Preservationists and lawyers representing the owners of the Warner Theater -- antagonists in a long-simmering feud over the building's fate -- each claimed partial victory last week after a federal judge set aside the designation of the building's exterior as a historic landmark but refused to declare the landmark designation process unconstitutional.

U.S. District Court Judge Louis F. Oberdorfer ruled Wednesday that a D.C. agency had acted in an "untimely and unlawful" manner by failing to stick to a 90-day limit in declaring the exterior a historic landmark after the building owners challenged that designation.

But he left the door open to landmark status for the building's interior by rejecting arguments that the landmark designation process violates the constitutional rights of the owners.

The District of Columbia Preservation League has sought since 1981 to preserve the Warner Building at 13th and E streets NW, calling it the last example of "the old downtown movie palaces," with its ornate, Classical Revival interior.

William Taylor, who represents the building owners, pointed to the judge's decision to set aside the exterior landmark status and said, "It certainly created a break in the clouds that was a long time in coming." The building facade was declared a landmark in 1983.

Kim Hoagland, an architectural historian and a league official, said the judge's opinion nevertheless "upheld the whole preservation process by saying that the owners' due process rights were not violated."

Oberdorfer also declared that the owners must "maintain the status quo . . . particularly with respect to any alteration or demolition of the building" pending further rulings in the case.

"This is only preliminary," said deputy corporation counsel James Murphy, who represents the District. "A lot of other things are going to happen," he said, adding that the District still must determine if it will appeal the judge's ruling.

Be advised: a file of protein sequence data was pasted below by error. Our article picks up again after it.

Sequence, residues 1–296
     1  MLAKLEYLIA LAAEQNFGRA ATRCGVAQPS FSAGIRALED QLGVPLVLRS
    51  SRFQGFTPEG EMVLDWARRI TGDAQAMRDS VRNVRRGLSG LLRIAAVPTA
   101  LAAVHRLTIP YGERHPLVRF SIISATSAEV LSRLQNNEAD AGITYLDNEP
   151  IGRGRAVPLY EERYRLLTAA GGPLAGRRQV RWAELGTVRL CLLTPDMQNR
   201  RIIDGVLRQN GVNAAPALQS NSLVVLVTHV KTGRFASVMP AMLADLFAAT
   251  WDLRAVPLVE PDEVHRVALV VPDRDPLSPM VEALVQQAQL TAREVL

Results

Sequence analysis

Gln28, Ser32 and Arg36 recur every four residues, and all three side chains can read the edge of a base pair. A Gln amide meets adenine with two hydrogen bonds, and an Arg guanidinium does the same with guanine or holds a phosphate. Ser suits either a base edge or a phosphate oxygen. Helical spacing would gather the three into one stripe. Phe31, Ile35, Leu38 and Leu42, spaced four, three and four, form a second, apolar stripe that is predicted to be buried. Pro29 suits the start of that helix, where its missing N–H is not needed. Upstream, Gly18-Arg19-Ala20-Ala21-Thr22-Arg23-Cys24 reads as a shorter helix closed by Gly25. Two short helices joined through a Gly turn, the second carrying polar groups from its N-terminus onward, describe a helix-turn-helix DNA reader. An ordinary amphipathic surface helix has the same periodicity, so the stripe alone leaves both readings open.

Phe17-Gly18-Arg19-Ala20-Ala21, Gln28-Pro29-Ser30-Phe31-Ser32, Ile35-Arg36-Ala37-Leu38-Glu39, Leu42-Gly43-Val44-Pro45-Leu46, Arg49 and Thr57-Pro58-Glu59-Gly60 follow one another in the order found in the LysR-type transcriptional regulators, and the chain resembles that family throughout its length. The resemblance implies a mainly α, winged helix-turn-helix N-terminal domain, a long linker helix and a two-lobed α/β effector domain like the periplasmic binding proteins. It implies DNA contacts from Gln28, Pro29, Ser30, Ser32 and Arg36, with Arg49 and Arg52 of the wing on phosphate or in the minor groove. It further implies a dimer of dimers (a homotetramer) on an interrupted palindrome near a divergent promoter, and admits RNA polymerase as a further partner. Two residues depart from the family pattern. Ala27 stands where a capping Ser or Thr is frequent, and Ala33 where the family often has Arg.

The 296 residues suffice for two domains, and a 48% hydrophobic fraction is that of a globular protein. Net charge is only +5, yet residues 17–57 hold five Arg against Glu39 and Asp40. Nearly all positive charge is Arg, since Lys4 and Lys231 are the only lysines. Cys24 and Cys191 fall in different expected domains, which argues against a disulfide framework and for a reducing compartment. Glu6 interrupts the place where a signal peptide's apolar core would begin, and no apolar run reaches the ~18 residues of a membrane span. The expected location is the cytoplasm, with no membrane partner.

According to the opinion, the Joint Committee on Landmarks of the National Capital violated District statutes by failing to act promptly on the preservationists' application to declare the building facade a landmark.

Once that application is filed, the building must be treated as a landmark until a decision is made, according to the judge's opinion. Because of that, owners must "make a special showing of public interest or economic hardship" in order to obtain a permit to alter the building.

To protect owners' rights, the statute gives the landmark agency 90 days to make its decision once an owner seeks to alter the building, according to the opinion.

In the Warner case, the agency took nearly six months to decide. The preservationists had filed for landmark status in April 1981. The owners sought a permit to alter the building's doorway in November 1982, but the agency did not act on the issue until May 18, 1983.

Oberdorfer vacated the landmark designation but left the door open for the preservationists to file a new application.

On the issue of the landmark designation process, Oberdorfer found that it places a burden on building owners that is "not negligible." In this case, he said that the process "played a role in the disruption" of a plan to sell the building in 1982. But, he ruled, the burden "does not rise to constitutional proportions."

There is also a dispute as to the owners' plan for the 10-story building, which houses the theater and, on the upper floors, offices. Attorney Linda Powers, who represents the preservationists, said the owners plan to gut the interior and make it into an office building.

Attorney Taylor said yesterday he was not certain what the owners' plans are. Offices, he said, "are an obvious possibility given the location . . . . We want the right to develop the building as we see fit, to evaluate the various alternatives without the landmark designation."